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French Ways and Their Meaning

Overview

Edith Wharton was devoted to the French people and their culture. During the First World War, while living in France and devoting herself to numerous war and relief efforts, she wrote several essays about the French and the unique attributes of their civilization, having in mind particularly the need for both Americans and the English to understand the ways of a people whose nation they were defending in the Great War. These pieces were first published in book form in 1919, under the title French Ways and Their ...
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French Ways and Their Meaning (Barnes & Noble Digital Library)

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Overview

Edith Wharton was devoted to the French people and their culture. During the First World War, while living in France and devoting herself to numerous war and relief efforts, she wrote several essays about the French and the unique attributes of their civilization, having in mind particularly the need for both Americans and the English to understand the ways of a people whose nation they were defending in the Great War. These pieces were first published in book form in 1919, under the title French Ways and Their Meaning.
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Editorial Reviews

Library Journal
This volume marks the first in a series of collaborations between the publisher and Edith Wharton Restoration, Inc., a group dedicated to promoting and preserving Wharton's works. A facsimile of the original 1919 edition, this offers her firsthand observations on French lifeas charming as Paris in the springthat she collected when living in the City of Lights.
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Product Details

  • ISBN-13: 9780936399874
  • Publisher: Countryman Press, The
  • Publication date: 6/1/1997
  • Edition description: Reprint
  • Pages: 176
  • Product dimensions: 0.41 (w) x 5.00 (h) x 8.00 (d)

Meet the Author

Edith Wharton
One of America's most important novelists, Edith Wharton was a refined, relentless chronicler of the Gilded Age and its social mores. Along with close friend Henry James, she helped define literature at the turn of the 20th century, even as she wrote classic nonfiction on travel, decorating and her own life.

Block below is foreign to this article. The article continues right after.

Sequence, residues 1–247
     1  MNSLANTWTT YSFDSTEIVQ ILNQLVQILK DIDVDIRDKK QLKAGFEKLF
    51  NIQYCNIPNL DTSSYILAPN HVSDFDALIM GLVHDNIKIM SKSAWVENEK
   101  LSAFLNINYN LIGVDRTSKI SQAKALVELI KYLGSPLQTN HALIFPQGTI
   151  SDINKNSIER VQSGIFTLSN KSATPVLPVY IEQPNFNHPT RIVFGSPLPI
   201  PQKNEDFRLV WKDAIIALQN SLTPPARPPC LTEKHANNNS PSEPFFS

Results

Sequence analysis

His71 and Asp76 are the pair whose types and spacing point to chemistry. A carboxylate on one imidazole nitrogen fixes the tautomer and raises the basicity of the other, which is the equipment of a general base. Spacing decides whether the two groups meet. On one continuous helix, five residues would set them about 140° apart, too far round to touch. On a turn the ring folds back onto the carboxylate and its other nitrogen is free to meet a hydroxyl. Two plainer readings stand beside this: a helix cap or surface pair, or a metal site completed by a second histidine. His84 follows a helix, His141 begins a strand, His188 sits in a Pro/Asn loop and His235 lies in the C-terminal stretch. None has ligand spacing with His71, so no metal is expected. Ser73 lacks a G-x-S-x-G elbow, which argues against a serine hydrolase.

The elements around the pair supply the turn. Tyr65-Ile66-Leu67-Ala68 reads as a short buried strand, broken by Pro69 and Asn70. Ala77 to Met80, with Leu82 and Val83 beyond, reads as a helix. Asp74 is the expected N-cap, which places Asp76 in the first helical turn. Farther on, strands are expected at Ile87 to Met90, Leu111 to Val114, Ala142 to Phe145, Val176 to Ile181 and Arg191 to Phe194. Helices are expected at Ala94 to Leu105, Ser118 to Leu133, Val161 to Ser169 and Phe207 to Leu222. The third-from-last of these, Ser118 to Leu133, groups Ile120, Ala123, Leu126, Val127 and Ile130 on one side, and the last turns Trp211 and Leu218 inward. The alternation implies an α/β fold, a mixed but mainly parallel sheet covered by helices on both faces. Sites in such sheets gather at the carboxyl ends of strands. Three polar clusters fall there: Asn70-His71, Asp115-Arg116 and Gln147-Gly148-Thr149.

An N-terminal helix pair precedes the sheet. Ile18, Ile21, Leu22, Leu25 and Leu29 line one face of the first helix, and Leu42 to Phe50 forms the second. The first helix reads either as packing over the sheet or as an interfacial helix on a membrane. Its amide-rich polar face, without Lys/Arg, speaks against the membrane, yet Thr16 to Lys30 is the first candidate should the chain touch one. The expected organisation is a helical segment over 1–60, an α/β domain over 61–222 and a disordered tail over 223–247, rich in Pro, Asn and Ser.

Biography

Edith Newbold Jones was born January 24, 1862, into such wealth and privilege that her family inspired the phrase "keeping up with the Joneses." The youngest of three children, Edith spent her early years touring Europe with her parents and, upon the family's return to the United States, enjoyed a privileged childhood in New York and Newport, Rhode Island. Edith's creativity and talent soon became obvious: By the age of eighteen she had written a novella, (as well as witty reviews of it) and published poetry in the Atlantic Monthly.

After a failed engagement, Edith married a wealthy sportsman, Edward Wharton. Despite similar backgrounds and a shared taste for travel, the marriage was not a success. Many of Wharton's novels chronicle unhappy marriages, in which the demands of love and vocation often conflict with the expectations of society. Wharton's first major novel, The House of Mirth, published in 1905, enjoyed considerable Literary Success. Ethan Frome appeared six years later, solidifying Wharton's reputation as an important novelist. Often in the company of her close friend, Henry James, Wharton mingled with some of the most famous writers and artists of the day, including F. Scott Fitzgerald, André Gide, Sinclair Lewis, Jean Cocteau, and Jack London.

In 1913 Edith divorced Edward. She lived mostly in France for the remainder of her life. When World War I broke out, she organized hostels for refugees, worked as a fund-raiser, and wrote for American publications from battlefield frontlines. She was awarded the French Legion of Honor for her courage and distinguished work.

The Age of Innocence, a novel about New York in the 1870s, earned Wharton the Pulitzer Prize for fiction in 1921 -- the first time the award had been bestowed upon a woman. Wharton traveled throughout Europe to encourage young authors. She also continued to write, lying in her bed every morning, as she had always done, dropping each newly penned page on the floor to be collected and arranged when she was finished. Wharton suffered a stroke and died on August 11, 1937. She is buried in the American Cemetery in Versailles, France.

Author biography from the Barnes & Noble Classics edition of The Age of Innocence.

Good To Know

Upon the publication of The House of Mirth in 1905, Wharton became an instant celebrity, and the the book was an instant bestseller, with 80,000 copies ordered from Scribner's six weeks after its release.

Wharton had a great fondness for dogs, and owned several throughout her life.

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    1. Also Known As:
      Edith Newbold Jones Wharton (full name)
    1. Date of Birth:
      January 24, 1862
    2. Place of Birth:
      New York, New York
    1. Date of Death:
      August 11, 1937
    2. Place of Death:
      Saint-Brice-sous-ForĂȘt, France

Table of Contents

Introduction
A Note and Suggestions for Further Reading
Preface
I First Impressions 3
II Reverence 20
III Taste 39
IV Intellectual Honesty 57
V Continuity 76
VI The New Frenchwoman 98
VII In Conclusion 122
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